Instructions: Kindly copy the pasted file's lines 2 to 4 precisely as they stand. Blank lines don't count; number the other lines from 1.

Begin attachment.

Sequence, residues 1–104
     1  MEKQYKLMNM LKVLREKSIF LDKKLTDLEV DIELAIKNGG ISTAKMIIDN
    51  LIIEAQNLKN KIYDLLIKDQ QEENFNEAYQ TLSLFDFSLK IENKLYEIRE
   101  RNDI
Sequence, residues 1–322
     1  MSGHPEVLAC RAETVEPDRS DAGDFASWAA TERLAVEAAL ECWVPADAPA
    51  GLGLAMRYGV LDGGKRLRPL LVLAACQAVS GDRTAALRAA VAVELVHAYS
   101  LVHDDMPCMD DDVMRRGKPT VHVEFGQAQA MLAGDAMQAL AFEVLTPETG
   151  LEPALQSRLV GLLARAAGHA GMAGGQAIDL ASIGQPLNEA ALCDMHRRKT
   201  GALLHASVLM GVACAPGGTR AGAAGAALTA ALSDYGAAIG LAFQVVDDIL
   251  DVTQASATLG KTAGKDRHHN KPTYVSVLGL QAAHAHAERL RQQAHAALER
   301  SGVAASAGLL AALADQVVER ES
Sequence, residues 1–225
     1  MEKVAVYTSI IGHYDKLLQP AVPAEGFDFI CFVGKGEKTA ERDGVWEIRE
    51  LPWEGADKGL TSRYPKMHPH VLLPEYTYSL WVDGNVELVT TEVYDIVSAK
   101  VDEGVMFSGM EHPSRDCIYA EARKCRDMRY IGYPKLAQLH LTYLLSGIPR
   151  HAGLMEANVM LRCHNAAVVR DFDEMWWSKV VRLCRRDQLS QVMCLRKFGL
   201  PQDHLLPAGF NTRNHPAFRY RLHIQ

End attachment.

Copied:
     1  MEKQYKLMNM LKVLREKSIF LDKKLTDLEV DIELAIKNGG ISTAKMIIDN
    51  LIIEAQNLKN KIYDLLIKDQ QEENFNEAYQ TLSLFDFSLK IENKLYEIRE
   101  RNDI